- Vertical layer, with vines and climbing plants.
Bill Mollison visited Robert Hart at his forest garden at Wenlock Edge in 1990. Since then, Hart’s seven-layer system has been incorporated as a common permaculture design element and many permaculturists promote forest gardens or woodlands. of food, such as Graham Bell, Patrick Whitefield, Dave Jacke, Eric Toensmeier, Geoff Lawton, Rosemary Morrow, Gisela Mir, Sepp Holzer, and many more.
Kevin Bradley named the concept edible forest in the 1980s as the name of his five-acre nursery, garden and orchard in northern Wisconsin, USA. After more than two decades of Bradley’s “Edible Forest Nursery” and the 2005 publication of Edible Forest Gardens by Dave Jacke and Eric Toensmeirer, Bradley’s example has become a worldwide movement of small “edible forests.” The two-volume publication of Edible Forest Gardens by Dave Jacke and Eric Toensmeier provided a well-researched, focused reference on North American forest gardening climates, habitats, and species. The book attempts to root forest gardening in ecological science.
In Spanish we recently have the book forests and food gardens by Gisela Mir and Mark Biffen who have made a book on the subject adapted to the Mediterranean climate, recounting their experience near Barcelona.
Analog Forestry (Senanayake 1987) is a tool based among other things on the understanding of traditional forest gardens in Sri Lanka, called forest home gardens. Analog forestry in Sri Lanka builds on the strength of this traditional paradigm. Many wooded home gardens mimic the natural succession of species found in local forest vegetation. Analogous forests are used in this agroforestry design system.
Senanayake’s ideas of creating an agricultural system adapted to the local context have been further investigated by the Neo Synthesis Research Center (NSRC) in Sri Lanka. In 1995, Analog Forestry was accepted by the international scientific community as a methodology integrating biodiversity protection in the context of landscape-scale management during the “Open-ended intergovernmental meeting of scientific experts on biological diversity” held in Mexico City and financed by the United Nations.
There are many contributions that allow us to understand and develop food forests or food gardens in almost all regions of the planet. Lots of inspiring projects and lots of accumulated information, in this article I refer to some of those that a server knows best, but there are many more people, both scientific and not, who have contributed to the fact that today we have this powerful tool, all of them, many Thank you.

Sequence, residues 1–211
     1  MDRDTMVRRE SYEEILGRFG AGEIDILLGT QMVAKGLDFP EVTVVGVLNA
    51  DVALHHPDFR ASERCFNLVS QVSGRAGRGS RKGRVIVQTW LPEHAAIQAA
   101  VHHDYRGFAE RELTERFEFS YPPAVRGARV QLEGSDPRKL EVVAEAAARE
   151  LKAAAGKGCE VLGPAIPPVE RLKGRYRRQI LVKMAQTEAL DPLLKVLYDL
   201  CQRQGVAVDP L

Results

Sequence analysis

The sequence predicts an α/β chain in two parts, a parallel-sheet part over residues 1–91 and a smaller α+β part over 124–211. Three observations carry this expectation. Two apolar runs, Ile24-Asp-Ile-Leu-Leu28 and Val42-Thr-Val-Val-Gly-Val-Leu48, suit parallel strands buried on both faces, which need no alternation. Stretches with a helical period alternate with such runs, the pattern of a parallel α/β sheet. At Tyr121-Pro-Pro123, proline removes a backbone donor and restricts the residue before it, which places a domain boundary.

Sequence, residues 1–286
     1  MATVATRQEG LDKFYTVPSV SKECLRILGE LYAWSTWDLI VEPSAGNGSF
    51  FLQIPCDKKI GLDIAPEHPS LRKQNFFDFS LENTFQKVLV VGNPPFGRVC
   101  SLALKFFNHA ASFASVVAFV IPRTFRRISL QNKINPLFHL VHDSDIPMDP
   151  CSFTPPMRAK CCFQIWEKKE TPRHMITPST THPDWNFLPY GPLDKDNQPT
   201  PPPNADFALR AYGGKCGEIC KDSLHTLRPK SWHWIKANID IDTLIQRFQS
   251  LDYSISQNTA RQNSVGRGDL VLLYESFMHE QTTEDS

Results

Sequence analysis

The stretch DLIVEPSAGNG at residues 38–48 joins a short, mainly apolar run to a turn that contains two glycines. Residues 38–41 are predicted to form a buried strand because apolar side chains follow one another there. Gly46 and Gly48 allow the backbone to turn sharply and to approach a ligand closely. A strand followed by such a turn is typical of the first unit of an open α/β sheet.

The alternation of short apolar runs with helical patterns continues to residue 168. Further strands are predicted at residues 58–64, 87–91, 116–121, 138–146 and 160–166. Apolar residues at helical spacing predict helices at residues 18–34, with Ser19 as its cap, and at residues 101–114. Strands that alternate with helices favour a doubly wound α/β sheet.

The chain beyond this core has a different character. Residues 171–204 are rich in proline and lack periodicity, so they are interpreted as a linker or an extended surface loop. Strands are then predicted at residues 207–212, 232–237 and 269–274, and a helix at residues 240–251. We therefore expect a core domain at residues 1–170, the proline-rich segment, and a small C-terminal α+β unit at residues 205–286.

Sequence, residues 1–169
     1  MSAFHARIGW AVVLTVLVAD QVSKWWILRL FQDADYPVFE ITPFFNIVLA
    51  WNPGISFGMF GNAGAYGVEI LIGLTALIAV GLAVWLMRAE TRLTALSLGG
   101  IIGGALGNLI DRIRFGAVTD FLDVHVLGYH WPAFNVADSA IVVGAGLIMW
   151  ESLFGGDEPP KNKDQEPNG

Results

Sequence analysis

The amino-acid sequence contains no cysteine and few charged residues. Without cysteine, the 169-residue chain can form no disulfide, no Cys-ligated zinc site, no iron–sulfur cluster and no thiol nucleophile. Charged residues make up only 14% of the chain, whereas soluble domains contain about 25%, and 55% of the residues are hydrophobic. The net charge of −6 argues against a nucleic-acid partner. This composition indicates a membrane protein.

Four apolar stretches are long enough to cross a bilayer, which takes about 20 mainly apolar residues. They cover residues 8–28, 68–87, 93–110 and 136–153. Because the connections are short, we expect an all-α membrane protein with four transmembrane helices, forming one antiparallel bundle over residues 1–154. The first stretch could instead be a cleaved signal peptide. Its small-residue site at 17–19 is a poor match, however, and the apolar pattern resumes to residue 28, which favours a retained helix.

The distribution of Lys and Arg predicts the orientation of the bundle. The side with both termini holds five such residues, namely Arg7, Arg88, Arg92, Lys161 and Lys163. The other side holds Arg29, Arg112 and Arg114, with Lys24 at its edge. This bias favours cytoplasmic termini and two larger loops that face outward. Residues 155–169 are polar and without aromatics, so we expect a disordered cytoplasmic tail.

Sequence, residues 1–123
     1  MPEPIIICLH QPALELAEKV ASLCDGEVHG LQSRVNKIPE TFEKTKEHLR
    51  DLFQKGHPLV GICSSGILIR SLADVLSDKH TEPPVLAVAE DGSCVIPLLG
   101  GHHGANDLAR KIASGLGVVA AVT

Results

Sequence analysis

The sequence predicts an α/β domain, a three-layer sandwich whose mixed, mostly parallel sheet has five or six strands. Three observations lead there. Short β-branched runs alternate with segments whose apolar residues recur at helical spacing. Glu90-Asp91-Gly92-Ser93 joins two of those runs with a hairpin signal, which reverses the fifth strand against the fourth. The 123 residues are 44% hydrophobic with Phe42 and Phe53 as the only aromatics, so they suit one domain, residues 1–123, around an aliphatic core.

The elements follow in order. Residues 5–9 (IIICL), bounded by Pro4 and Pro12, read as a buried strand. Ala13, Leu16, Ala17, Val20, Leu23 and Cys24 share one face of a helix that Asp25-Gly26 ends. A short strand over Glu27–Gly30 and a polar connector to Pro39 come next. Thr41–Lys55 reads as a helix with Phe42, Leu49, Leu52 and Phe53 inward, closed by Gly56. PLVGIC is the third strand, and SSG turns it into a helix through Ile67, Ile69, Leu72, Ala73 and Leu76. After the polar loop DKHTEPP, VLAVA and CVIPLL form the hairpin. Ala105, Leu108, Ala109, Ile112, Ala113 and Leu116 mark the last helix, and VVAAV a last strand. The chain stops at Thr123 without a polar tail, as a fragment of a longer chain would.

“Land spanning more than 0.5 hectares with trees higher than 5 meters and a canopy cover of more than 10 percent, or with trees capable of reaching this height in situ. It does not include land subject to predominantly agricultural or urban use. (FAO definition)
For ecology, a forest must be understood as a much more complex ecosystem, where trees are the cornerstone species, but there are many species of plants, animals, fungi and bacteria that co-evolve in it, especially if we talk about primary forests. The forest provides endless ecosystem services of vital importance both for the forest and for the rest of the biosphere.
Some of the ecosystem services that forests provide us:
- Protection of water resources, behaving as a fundamental part of the hydrological cycle.
- soil protection
- Local Weather Dimming
- Reduction of the impact of gas emissions
- Conservation of natural habitat and biological diversity
- Recreational and social functions of forests
- Protection of forests against cultural erosion
Food forests are made up of large trees, small trees, shrubs, perennial herbs, vines, root crops, mushrooms, annual crops, etc. All these species are planted in such a way that positive interactions are maximized and negative interactions are minimized, seeking synergy between them to achieve balance in the system. Soil fertility is obtained thanks to the flora and fauna that make up the agroecosystem, which is designed following the logic of the natural ecological succession of forests.
The plants that are used in an edible forest are mostly perennial and multifunctional plants, which can have a main purpose or product and also fulfill other functions. In this way the food forest has a high proportion of useful plants living together in a carefully designed association, providing abundant resources of all kinds while maintaining and enhancing the natural ecosystem.